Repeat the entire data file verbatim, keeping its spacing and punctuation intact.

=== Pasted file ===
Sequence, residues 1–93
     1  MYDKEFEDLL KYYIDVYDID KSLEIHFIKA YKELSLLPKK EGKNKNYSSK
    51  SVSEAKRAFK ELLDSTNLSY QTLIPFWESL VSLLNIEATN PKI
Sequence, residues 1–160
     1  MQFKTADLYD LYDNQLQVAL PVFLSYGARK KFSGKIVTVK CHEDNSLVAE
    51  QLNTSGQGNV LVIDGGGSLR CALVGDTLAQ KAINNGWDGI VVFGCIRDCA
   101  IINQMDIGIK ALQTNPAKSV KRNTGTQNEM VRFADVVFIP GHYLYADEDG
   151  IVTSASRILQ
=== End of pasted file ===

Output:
Sequence, residues 1–93
     1  MYDKEFEDLL KYYIDVYDID KSLEIHFIKA YKELSLLPKK EGKNKNYSSK
    51  SVSEAKRAFK ELLDSTNLSY QTLIPFWESL VSLLNIEATN PKI
Sequence, residues 1–160
     1  MQFKTADLYD LYDNQLQVAL PVFLSYGARK KFSGKIVTVK CHEDNSLVAE
    51  QLNTSGQGNV LVIDGGGSLR CALVGDTLAQ KAINNGWDGI VVFGCIRDCA
   101  IINQMDIGIK ALQTNPAKSV KRNTGTQNEM VRFADVVFIP GHYLYADEDG
   151  IVTSASRILQ